Unlike apparel with printed patterns, clothes with creative dyes are truly one-of-a-kind.
Some like to play it safe with solids, while others like to take the risky sartorial path with prints and creative dyes.
Most prints have a pattern that repeats, and with the advancement in technology, it's becoming so much easier to create your own designs and print them out.
Creative-dyed clothes, however, require a more manual approach, and this is the factor that makes them unique. Variations, no matter how miniscule they are, happen all the time, so no two pieces are exactly alike.
One of the most popular creative dye techniques is tie-dye. Tie-dye has been around for centuries with the earliest surviving examples from pre-Columbian era in Peru dating back between 500 and 810 AD.
It's part of a dyeing process called resist-dyeing, preventing the dye from evenly reaching all parts of the cloth. This resistance is conceived either through wax, mud/starch paste, tying/stitching (also called shibori), or chemical agent that will repel another dye. The Indonesian batik and tie-dye are the most famous examples of resist-dyeing.
Tye-dyeing technique was first introduced to the US in early 1900s by Professor Charles E. Pellow of Columbia University. Pellow acquired tie-dyed muslins and subsequently gave a lecture about tie-dye.
But tie-dying itself gained popularity in 1964. Don Price, who worked as a marketer at the dye company Rit, advised Rit to replace the box powders with squeezable liquid dyes, so customers can create multicolor designs easier. When Price heard about Woodstock, he sponsored artist to produce several hundred tie-dye t-shirts to be sold at the festival. The tie-dye trend, with its swirly pattern and bold, bright, contrasting colors, was naturally embraced by the counterculture art psychedelia, and the rest is fashion history.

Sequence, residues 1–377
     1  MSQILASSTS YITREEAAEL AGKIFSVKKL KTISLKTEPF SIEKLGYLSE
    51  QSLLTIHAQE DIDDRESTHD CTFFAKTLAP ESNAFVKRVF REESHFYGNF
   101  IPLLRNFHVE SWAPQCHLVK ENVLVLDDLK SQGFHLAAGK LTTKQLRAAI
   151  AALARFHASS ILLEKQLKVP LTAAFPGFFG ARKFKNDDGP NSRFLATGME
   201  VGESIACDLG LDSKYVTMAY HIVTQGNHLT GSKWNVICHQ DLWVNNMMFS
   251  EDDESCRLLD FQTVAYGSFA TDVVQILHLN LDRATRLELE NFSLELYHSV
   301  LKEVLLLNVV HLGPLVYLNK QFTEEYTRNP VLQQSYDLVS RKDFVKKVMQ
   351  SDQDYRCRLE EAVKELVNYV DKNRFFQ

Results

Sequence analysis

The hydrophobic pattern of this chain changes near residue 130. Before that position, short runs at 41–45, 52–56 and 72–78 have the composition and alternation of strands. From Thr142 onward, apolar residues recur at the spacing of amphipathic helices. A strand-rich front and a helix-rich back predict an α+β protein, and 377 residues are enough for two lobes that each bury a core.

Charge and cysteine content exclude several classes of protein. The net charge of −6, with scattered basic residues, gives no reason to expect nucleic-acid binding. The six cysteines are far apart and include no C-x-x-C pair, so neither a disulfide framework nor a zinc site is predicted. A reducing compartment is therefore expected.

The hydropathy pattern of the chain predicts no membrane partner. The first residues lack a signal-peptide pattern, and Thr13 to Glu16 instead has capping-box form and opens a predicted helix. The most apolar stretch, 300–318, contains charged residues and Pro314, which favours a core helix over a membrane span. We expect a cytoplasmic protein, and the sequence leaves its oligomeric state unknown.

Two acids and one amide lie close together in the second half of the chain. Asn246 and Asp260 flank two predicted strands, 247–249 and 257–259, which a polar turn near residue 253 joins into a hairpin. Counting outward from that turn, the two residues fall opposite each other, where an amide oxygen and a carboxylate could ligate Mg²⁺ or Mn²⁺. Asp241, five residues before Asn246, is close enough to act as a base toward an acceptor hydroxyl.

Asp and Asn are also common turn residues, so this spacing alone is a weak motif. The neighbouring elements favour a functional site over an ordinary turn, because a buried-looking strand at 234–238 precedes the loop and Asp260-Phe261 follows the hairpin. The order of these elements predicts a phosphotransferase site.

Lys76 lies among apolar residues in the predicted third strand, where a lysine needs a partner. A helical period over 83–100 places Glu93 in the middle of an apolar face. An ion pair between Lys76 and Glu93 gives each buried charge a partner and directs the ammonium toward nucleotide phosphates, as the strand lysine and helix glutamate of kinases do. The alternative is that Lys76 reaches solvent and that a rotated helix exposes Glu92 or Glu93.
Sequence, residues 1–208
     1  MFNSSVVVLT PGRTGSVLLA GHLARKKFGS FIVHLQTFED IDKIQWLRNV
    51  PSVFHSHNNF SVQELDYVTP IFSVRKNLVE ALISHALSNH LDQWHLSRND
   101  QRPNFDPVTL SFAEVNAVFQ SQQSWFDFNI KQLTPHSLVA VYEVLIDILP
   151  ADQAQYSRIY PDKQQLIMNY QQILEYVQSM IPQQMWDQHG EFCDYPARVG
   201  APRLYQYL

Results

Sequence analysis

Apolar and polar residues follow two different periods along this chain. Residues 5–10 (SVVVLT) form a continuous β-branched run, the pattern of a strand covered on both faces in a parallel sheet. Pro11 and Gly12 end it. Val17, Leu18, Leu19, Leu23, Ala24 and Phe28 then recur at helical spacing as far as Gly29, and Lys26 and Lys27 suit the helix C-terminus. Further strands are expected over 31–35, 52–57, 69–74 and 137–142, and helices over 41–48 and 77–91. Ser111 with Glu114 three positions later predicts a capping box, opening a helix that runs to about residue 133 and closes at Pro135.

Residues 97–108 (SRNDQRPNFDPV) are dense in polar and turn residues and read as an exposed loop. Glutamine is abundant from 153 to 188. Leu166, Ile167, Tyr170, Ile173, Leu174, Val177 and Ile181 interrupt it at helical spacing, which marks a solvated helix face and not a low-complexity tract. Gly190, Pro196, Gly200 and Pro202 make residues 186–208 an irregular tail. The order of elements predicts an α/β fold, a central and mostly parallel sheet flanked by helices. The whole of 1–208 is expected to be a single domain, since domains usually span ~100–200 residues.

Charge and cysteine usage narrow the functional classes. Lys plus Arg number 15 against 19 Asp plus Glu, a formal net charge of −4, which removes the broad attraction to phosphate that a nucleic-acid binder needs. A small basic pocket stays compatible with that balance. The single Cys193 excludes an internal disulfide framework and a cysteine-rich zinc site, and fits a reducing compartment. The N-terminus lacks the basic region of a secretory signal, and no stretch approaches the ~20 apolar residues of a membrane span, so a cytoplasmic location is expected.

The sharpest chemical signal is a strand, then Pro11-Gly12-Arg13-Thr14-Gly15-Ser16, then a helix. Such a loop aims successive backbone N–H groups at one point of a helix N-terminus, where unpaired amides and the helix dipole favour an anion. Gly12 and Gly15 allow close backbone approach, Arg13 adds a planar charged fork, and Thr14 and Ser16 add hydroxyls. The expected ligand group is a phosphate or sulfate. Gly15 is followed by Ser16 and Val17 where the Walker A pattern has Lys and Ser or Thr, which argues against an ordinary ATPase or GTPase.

If tie-dye is a bit too much of a fashion risk (there's no such thing, btw), then dip-dye is another choice.
Dip-dye is exactly what it sounds like: part of a piece of clothing (or fabric) is dipped into a pigment, without fully submerging it. Results vary based on the viscosity of the dye solution and the absorbency of the fabric. The less viscous the solution and the more absorbent the fabric, the softer the gradient/ombre will be.
While tie-dye has been going through a major revival because it's the era of nostalgia and everything old is new again, the ombre dip-dye has a more modern vibe. And tie-dye's association with the hippy movement and flower power is making some people think twice about wearing it (at least unironically).
So while everyone can rock the more contemporary ombre look, who can really pull off tie-dye?
Oh, just about everybody.
There's no correct way to wear creative dyes, but if you're not convinced yet that you can do it, here's our tip.
Let's say you have that tie-dye shirt you've been wanting to try out but still looks too loud (or so you think). All you need to do is find a hue in the tie-dye top and wear a bottom (leggings or trousers) that match it. If it still looks too busy, you can always opt for black, grey, or white.
We love creative dyes and you can find both tie-dye and dip-dye in our collection. However, you can always experiment! Find a solid-colored Mono B athleisure or loungewear piece, get a pigment in your favorite hue, and try that dye! Whatever the result is, it's going to be unique and 100% yours.